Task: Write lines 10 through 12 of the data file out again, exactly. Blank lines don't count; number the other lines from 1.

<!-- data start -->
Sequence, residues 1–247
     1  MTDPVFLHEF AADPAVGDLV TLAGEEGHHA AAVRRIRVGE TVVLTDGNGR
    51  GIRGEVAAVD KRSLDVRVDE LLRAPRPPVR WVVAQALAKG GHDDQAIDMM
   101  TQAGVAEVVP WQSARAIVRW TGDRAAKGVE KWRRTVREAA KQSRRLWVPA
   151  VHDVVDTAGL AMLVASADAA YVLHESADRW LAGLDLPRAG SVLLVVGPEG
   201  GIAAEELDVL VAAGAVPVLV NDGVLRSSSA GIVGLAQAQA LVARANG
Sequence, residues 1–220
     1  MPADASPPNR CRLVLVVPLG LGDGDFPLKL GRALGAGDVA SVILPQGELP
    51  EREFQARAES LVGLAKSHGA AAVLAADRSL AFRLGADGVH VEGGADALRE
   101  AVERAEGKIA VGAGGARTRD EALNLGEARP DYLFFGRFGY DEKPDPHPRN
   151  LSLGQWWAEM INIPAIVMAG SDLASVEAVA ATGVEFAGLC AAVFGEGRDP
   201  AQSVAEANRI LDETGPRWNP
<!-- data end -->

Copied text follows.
   101  AVERAEGKIA VGAGGARTRD EALNLGEARP DYLFFGRFGY DEKPDPHPRN
   151  LSLGQWWAEM INIPAIVMAG SDLASVEAVA ATGVEFAGLC AAVFGEGRDP
   201  AQSVAEANRI LDETGPRWNP